To overcome this barrier, cells have been used as carriers to deliver OMV to tumor sites. Previous pre-clinical studies have investigated several varieties of candidate cells, including T lymphocytes (Ong et al. 2007), monocytic cells (Peng et al. 2009), mesenchymal stem cells (MSCs) (Mader et al. 2009), endothelial progenitor cells (Wei et al. 2007), and tumor cells (Liu et al. 2010). A phase Ⅰ/Ⅱ clinical trial using MSCs as carriers for OMV is currently ongoing (NCT02068794). Indeed, carrier cells are optimal delivery vehicles, acting as "Trojan horses" (Arap and Pasqualini 2004; Avota et al. 2013), which sophisticatedly prevent immune recognition of the viruses in the circulatory system. Moreover, carrier cells are natural hosts for viruses, and are generally ignored by the immune system (Iankov et al. 2007). In addition to protecting viruses from immune elimination, several types of cells, such as T cells (Ong et al. 2007) and circulating endothelial progenitor cells (Wei et al. 2007), possess tumor-homing abilities. Moreover, carrier cells may serve as sites for viral replication, enabling an increase in the number of viral particles.

The number of viral particles transported to tumor sites by carrier cells may be affected by the loading strategy used, including the initial loading dosage and loading duration. Higher initial loading doses and longer loading durations would be expected to lead to increased viral propagation and enhanced subsequent oncolysis. However, it should be noted that viral antigens expressed on carrier cells are also recognized by host antibodies during the stealth delivery phase (Power and Bell 2007). To date, there have been no systemic studies focusing on the effect of the loading strategy on oncolytic efficacy. In this study, two types of cells, blood outgrowth endothelial cells (BOECs) and the lymphatic cell line Jurkat cells, were employed as carriers to investigate the determinants of viral loading.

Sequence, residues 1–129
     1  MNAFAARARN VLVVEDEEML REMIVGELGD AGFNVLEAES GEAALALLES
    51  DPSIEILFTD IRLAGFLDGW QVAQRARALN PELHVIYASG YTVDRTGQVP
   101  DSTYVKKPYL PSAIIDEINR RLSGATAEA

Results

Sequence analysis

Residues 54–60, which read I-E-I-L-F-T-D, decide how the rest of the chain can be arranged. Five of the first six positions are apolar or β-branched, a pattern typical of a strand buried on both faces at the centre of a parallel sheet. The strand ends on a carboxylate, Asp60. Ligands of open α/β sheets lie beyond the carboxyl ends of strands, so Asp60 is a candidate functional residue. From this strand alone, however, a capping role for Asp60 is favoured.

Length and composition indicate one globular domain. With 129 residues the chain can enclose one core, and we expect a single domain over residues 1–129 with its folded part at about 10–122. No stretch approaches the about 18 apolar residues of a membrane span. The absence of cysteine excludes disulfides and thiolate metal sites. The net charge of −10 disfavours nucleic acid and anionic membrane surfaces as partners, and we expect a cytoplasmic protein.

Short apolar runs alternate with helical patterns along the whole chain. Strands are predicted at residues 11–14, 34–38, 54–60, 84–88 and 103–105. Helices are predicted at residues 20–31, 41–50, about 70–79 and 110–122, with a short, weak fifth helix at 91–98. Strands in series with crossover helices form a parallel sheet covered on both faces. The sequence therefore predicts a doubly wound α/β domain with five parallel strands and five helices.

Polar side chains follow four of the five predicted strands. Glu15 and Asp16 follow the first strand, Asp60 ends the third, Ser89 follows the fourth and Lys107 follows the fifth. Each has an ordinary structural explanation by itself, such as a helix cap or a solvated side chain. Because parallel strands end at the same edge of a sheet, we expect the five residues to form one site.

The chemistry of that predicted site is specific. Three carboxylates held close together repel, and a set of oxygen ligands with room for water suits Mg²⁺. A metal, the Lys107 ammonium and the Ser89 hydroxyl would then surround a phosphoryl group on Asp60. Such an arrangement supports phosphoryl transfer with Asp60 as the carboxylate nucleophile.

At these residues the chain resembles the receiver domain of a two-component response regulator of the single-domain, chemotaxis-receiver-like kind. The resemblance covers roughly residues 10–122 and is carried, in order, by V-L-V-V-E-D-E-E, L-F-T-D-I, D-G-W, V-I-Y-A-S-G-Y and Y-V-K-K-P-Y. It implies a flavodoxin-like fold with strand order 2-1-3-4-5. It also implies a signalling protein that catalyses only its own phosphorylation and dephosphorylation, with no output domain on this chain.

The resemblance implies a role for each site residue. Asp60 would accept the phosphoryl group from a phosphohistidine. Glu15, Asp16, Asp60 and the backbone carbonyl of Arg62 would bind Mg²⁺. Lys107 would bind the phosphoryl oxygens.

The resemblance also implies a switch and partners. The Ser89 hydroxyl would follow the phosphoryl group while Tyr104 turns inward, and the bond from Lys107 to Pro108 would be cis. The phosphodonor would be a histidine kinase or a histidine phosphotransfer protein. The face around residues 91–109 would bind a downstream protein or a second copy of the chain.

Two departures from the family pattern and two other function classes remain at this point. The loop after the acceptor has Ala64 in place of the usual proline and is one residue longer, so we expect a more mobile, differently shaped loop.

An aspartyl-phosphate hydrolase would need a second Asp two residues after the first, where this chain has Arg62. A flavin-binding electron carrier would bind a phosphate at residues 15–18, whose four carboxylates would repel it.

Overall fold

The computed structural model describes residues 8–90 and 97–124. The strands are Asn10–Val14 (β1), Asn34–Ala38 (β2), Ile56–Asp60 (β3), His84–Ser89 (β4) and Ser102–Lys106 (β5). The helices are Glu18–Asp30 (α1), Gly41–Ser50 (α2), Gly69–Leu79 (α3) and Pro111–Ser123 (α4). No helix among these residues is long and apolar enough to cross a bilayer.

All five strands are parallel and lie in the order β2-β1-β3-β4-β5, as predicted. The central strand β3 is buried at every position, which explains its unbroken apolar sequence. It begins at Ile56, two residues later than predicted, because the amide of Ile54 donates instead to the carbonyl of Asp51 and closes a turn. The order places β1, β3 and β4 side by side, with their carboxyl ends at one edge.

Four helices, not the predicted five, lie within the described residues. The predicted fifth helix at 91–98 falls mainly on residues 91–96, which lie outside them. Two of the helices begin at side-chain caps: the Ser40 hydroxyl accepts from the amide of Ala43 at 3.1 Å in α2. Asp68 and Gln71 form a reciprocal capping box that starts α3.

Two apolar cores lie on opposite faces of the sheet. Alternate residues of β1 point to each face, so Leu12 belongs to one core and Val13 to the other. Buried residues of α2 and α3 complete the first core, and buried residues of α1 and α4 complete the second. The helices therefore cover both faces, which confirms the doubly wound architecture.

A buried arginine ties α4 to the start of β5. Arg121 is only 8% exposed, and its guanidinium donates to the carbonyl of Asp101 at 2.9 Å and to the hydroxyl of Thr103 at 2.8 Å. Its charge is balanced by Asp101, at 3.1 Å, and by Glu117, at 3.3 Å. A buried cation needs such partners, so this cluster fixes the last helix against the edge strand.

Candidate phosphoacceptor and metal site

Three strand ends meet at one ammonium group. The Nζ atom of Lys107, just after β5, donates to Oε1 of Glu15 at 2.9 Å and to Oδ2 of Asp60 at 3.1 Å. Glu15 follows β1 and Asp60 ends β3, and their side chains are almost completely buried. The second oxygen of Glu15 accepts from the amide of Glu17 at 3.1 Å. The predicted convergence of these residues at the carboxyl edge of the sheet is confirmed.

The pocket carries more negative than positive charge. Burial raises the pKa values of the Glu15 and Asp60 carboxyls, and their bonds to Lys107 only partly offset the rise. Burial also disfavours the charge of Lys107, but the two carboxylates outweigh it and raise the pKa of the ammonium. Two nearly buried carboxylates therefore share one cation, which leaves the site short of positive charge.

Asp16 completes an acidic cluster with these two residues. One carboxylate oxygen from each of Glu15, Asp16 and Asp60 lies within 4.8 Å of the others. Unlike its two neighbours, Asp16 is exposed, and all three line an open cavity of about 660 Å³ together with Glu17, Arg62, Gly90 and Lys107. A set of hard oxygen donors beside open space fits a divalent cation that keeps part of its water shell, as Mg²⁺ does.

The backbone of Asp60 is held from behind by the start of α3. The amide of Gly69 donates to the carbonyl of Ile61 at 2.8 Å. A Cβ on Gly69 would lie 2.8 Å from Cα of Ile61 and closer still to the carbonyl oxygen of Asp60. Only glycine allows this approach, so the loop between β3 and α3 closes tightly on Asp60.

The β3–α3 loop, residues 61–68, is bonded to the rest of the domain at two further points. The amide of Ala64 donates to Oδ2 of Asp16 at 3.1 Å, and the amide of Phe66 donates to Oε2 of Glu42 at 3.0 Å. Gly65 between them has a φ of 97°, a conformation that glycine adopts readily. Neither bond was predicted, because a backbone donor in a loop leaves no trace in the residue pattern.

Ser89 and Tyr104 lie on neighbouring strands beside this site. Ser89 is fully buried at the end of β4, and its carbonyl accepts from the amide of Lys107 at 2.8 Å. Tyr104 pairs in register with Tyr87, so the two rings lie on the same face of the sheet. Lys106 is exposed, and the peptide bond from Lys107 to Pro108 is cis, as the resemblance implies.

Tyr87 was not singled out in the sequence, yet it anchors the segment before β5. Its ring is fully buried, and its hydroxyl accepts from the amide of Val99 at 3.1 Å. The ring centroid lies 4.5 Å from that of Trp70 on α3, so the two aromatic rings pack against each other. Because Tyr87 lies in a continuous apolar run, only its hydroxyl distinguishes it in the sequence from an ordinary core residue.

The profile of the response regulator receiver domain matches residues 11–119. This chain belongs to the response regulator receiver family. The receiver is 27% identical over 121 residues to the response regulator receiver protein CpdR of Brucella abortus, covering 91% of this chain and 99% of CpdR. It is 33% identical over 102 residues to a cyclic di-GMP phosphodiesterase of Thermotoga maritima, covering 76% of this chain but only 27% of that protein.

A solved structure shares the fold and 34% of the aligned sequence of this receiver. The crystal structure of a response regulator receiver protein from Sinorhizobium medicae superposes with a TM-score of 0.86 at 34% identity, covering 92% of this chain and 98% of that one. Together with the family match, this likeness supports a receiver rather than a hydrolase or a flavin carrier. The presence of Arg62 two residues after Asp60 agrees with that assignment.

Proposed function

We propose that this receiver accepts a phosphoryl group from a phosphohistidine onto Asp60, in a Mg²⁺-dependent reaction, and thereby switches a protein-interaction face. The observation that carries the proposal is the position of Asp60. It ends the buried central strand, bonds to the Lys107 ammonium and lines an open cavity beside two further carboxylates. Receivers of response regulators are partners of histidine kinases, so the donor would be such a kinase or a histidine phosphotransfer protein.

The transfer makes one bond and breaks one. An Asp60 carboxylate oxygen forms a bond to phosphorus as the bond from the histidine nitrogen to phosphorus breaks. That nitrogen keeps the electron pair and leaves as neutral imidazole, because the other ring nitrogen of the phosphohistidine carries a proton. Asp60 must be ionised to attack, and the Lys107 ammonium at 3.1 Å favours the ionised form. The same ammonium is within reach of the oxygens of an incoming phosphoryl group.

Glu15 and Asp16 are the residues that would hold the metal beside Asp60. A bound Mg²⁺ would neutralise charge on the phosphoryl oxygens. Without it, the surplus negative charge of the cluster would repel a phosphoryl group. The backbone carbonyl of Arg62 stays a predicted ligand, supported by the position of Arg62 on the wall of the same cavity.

Materials and Methods

Cells

The human acute T cell leukemia cell line Jurkat (TIB- 152), human non-small-cell lung cancer cell line A549 (CCL-185), and African green monkey kidney cell line Vero (CCL-81) were obtained from American Type Culture Collection (ATCC; Manassas, VA, USA). Jurkat cells were cultured in RPMI-1640 supplemented with 10% fetal bovine serum (FBS), 2 mmol/L L-glutamine, 100 U/mL penicillin, and 0.1 mg/mL streptomycin. A549 and Vero cells were cultured in Dulbecco's modified Eagle's medium (DMEM) supplemented with 5% FBS, 2 mmol/L L-glutamine, 100 U/mL penicillin, and 0.1 mg/mL streptomycin (all from Invitrogen, Carlsbad, CA, USA). BOECs were isolated from adult human peripheral blood, propagated as described previously (Jarmy et al. 2007), and cultured in Endothelial Cell Growth Medium 2 (ECGM-2) supplemented with Endothelial Cell Growth Supplement (C-30160, PromoCell, Heidelberg, Germany) and 10% fetal calf serum (FCS; Biochrom, Berlin, Germany). All cells were maintained in a humidified incubator with 5% CO2 at 37 ℃.

Viruses

Measles virus Edmonston vaccine lineage seed B (MVEdm) and MV-Edm expressing green fluorescent protein (MV-Edm-GFP), kindly provided by S. Russell (Mayo Clinic, Rochester, MN, USA), were propagated in Vero cells. The cells were infected with viruses at a multiplicity of infection (MOI) of 0.02 with Opti-MEM (Gibco, Carlsbad, CA, USA) in a humidified incubator with 5% CO2 at 37 ℃. After 3 h, the medium was replaced with DMEM supplemented with 5% FBS, 2 mmol/L L-glutamine, 100 U/mL penicillin, and 0.1 mg/mL streptomycin. When 100% of the cell monolayer was fused into syncytia, the cells were scraped off, placed in Opti-MEM, and subjected to three cycles of freezing and thawing to release the viruses. The viral supernatant was centrifuged to remove cell debris and frozen at - 80 ℃. The virus titer was determined by a 50% tissue culture infective dose (TCID50) assay.

NAbs

NAbs were administered in the form of anti-serum. Antiserum was isolated from a healthy donor who had received a measles vaccination. The whole blood was obtained and the serum was separated by centrifugation at 1500 ×g (Heraeus Megafuge 1.0 R, Thermo Scientific, Germany) for 15 min at 20 ℃ and then stored at - 20 ℃. The protocol of this study was approved by the research ethics committee of the Medical School of Nanjing University. The experiments were carried out in accordance with approved guidelines and regulations.

Trypan Blue Exclusion Test

Cells were harvested and stained with 0.2% trypan blue (C3601-2; Beyotime Inc., Shanghai, China). Cell numbers and viability were determined using a Countstar Automated Cell Counter (Inno-Alliance Biotech Inc., Wilmington, DE, USA).

3-(4, 5-Dimethylthiazol-2-yl)-2, 5-diphenyltetrazolium bromide (MTT) Assay